In hybrid courses, “the mixture of online and face-to-face activities has no predefined format. The instructor decides which activities will take place online and which will take place face-to-face.”3 Regardless of the format, hybrid courses have several defining characteristics:

  • an emphasis on active learning and problem solving
  • student ownership of own learning
  • student centered
  • a focus on inquiry and dialogue
  • support from technology but not driven by it

You may be considering transitioning your traditional lecture-based course to a hybrid course. Or, you may be interested in developing an entirely new course using the hybrid, or blended model. No matter what the original intent, there are several important considerations to address before course development begins. As a start, consider reviewing the online resource, Ten Questions to consider when redesigning a course for hybrid teaching and learning from theUniversity of Wisconsin-Milwaukee.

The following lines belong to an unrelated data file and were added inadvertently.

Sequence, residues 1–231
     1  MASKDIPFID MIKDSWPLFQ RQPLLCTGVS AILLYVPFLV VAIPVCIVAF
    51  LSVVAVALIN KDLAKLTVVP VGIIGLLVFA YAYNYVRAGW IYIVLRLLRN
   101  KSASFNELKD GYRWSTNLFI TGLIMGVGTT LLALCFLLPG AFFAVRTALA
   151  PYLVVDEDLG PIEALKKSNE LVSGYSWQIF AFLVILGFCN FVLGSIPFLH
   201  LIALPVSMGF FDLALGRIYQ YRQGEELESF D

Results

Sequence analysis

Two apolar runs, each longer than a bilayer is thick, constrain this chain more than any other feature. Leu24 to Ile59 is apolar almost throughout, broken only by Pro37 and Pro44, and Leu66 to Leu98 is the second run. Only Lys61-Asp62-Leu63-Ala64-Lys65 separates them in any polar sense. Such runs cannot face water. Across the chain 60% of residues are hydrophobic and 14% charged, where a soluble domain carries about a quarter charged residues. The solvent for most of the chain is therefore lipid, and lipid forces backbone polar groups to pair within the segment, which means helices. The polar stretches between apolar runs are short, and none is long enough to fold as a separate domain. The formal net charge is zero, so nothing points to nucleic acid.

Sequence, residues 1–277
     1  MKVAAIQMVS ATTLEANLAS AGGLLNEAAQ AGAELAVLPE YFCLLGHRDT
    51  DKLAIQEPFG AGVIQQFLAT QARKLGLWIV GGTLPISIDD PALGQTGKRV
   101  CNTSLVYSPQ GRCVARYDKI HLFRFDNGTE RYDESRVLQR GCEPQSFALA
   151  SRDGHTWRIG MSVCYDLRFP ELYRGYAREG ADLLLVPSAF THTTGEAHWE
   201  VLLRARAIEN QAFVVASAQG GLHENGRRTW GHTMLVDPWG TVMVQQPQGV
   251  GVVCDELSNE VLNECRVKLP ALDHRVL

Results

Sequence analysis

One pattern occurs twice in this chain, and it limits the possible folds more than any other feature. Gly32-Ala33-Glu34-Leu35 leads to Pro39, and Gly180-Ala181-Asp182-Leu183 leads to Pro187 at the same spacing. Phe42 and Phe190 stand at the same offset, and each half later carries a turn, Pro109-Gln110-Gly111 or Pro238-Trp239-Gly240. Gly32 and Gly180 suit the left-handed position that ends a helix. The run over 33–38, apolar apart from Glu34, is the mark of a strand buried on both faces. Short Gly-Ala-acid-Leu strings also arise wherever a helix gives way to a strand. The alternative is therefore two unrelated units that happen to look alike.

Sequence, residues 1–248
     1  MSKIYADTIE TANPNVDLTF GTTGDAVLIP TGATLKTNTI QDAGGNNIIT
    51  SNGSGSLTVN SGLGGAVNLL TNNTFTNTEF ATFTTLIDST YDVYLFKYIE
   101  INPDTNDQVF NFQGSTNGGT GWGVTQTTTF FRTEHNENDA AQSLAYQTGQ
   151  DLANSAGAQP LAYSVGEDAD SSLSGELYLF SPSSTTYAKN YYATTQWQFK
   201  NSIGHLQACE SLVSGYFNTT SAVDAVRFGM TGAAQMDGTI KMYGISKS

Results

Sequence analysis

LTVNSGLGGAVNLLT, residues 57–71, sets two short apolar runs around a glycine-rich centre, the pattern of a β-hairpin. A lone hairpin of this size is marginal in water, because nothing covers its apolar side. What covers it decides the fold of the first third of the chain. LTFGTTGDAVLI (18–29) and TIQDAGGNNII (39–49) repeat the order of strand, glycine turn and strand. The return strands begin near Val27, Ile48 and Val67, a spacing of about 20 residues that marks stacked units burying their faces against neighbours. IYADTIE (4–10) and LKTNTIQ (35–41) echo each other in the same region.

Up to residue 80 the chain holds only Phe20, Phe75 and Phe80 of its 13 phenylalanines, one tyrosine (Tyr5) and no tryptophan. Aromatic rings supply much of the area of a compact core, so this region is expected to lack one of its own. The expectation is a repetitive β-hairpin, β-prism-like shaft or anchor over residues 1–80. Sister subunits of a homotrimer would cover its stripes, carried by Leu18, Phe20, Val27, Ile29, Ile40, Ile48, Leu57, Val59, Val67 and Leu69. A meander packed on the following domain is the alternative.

As with developing any course, regardless of format, the first and most important question to address is: what do you want your students to know (and be able to do) at the end of the course? If you can answer that essential question, you are well on your way to creating your first hybrid course!

Additional Resources

References

1 Garrison, D. Randy, and Heather Kanuka. “Blended learning: Uncovering its transformative potential in higher education.” The internet and higher education 7.2 (2004): 95-105.